The Prime Minister, Boris Johnson, has announced a raft of measures to protect the public against measles. The move comes after the UK lost its measles-free status amid a decline in immunisation rates.
Measles can be prevented by means of a double-dose immunisation, which is provided as part of the NHS routine vaccination programme for children, but research shows that vaccination rates have fallen. Just three years ago, the UK was declared a measles-free zone, but there have been 231 confirmed cases in the first quarter of 2019.
To tackle the rising number of cases and promote immunisation, the Prime Minister has announced a number of measures, including encouraging GPs to contact the parents of children who have not had the second MMR immunisation, working with social media companies to prevent fake news and misleading content from circulating and using the NHS website to provide accurate information about the measles vaccination. The government has invited social media firms to attend a summit to discuss ways they can detect inaccurate information and ensure people have access to reputable sources and credible information.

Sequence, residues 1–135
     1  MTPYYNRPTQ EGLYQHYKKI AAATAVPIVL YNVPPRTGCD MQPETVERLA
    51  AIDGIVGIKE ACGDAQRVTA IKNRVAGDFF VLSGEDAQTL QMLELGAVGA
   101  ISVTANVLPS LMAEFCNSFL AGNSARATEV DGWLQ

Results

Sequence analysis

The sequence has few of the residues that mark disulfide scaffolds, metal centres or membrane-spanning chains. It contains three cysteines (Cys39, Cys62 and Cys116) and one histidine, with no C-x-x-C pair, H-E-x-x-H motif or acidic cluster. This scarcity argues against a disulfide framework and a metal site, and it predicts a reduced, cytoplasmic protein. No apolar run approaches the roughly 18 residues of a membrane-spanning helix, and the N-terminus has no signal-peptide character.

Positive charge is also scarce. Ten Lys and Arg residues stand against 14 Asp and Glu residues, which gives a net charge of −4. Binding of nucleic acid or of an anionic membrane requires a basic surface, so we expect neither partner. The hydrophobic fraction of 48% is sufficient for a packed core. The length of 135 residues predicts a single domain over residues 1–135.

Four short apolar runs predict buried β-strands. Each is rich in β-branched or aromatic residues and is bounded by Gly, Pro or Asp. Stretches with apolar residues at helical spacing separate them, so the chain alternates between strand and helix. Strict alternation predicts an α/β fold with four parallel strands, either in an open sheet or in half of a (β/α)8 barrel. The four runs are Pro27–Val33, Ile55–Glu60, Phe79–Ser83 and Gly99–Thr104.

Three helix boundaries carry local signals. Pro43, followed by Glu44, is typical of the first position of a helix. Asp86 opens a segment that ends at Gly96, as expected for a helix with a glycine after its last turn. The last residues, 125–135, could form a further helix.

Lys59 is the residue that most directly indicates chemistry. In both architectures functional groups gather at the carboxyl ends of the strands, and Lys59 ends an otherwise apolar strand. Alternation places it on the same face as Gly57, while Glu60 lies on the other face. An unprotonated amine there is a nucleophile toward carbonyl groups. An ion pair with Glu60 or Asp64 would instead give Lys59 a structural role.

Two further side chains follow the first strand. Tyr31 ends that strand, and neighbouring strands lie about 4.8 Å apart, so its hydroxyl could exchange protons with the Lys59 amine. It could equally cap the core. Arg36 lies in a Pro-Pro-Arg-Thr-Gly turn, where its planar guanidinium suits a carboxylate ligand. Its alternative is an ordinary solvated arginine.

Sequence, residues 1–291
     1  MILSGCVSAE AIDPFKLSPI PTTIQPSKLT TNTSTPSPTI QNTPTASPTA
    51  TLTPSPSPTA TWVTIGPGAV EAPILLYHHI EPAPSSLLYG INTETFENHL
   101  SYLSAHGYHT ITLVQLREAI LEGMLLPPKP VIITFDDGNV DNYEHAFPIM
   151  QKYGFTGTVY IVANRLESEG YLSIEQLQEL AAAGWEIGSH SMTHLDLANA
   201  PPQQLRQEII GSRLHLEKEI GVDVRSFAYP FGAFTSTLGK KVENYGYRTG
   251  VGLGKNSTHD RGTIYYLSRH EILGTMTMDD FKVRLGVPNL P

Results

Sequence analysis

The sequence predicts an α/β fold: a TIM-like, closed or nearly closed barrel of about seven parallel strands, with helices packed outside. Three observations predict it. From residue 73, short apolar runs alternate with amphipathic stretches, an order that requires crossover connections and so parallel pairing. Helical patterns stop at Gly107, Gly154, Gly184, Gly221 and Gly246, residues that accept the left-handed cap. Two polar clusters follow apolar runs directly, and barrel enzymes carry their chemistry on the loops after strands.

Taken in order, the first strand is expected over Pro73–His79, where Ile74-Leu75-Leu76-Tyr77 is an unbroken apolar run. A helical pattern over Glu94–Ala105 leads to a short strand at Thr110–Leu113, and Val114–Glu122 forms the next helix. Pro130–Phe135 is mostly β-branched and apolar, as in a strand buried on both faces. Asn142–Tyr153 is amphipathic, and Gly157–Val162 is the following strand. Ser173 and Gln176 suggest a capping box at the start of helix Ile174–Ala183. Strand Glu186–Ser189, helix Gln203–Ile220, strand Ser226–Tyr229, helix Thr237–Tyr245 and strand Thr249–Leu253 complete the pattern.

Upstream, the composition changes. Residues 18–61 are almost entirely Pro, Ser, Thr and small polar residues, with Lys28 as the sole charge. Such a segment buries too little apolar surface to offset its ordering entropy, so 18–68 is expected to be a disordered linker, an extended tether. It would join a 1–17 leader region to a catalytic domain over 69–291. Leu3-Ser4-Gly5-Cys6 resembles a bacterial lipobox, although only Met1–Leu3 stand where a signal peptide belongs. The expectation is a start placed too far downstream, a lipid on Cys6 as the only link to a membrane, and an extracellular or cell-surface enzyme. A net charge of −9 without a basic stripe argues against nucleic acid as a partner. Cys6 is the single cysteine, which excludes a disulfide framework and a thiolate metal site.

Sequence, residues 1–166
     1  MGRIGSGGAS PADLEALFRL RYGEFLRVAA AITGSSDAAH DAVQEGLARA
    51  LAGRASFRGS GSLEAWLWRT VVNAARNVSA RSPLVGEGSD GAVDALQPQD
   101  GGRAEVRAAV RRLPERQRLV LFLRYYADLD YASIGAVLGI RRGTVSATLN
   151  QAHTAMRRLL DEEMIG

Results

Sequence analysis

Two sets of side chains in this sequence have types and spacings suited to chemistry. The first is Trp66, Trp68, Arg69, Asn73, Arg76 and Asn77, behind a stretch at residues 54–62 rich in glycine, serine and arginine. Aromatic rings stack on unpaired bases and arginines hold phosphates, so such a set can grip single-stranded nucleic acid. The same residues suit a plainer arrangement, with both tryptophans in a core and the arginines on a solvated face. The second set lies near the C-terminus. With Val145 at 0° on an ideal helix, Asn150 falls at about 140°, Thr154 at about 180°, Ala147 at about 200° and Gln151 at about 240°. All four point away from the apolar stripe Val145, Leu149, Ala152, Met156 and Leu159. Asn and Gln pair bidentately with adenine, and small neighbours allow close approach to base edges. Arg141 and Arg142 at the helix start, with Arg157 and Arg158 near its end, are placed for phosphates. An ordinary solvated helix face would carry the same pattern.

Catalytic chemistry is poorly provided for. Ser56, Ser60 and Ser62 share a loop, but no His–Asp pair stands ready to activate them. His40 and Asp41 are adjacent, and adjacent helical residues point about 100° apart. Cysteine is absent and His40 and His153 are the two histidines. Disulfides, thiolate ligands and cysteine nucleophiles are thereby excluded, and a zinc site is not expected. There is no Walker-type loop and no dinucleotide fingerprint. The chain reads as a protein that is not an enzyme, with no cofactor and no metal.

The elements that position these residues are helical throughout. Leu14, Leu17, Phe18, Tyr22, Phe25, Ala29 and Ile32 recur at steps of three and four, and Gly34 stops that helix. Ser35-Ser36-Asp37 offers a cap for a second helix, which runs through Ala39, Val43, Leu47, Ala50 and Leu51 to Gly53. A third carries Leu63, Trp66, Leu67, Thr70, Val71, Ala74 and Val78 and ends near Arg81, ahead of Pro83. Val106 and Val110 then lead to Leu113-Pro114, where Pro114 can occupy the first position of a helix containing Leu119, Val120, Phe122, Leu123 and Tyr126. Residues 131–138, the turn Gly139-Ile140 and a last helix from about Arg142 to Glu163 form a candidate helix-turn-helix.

Most cases of measles recorded in the UK have been diagnosed in people who have come from abroad, but there is concern about the fall in immunisation rates. The latest statistics show that only 87% of children who had the first dose of the MMR vaccine also had the second injection, which is significantly lower than the target of 95%. Figures also suggest that 1 in 7 children in England are starting school without having the injections.
Experts believe that there could be several reasons why measles rates are increasing, including complacency on the part of parents and the spread of inaccurate and potentially misleading information. If parents read articles that question the safety of the MMR on social media, for example, it’s natural for them to be concerned, and this might impact their decision when it comes to taking their child for a vaccination. The truth is that the MMR has been trialled rigorously over many years and it is a proven, safe method of preventing measles. Ministers and health professionals are urging parents who have questions to seek advice from their GP or a pharmacist.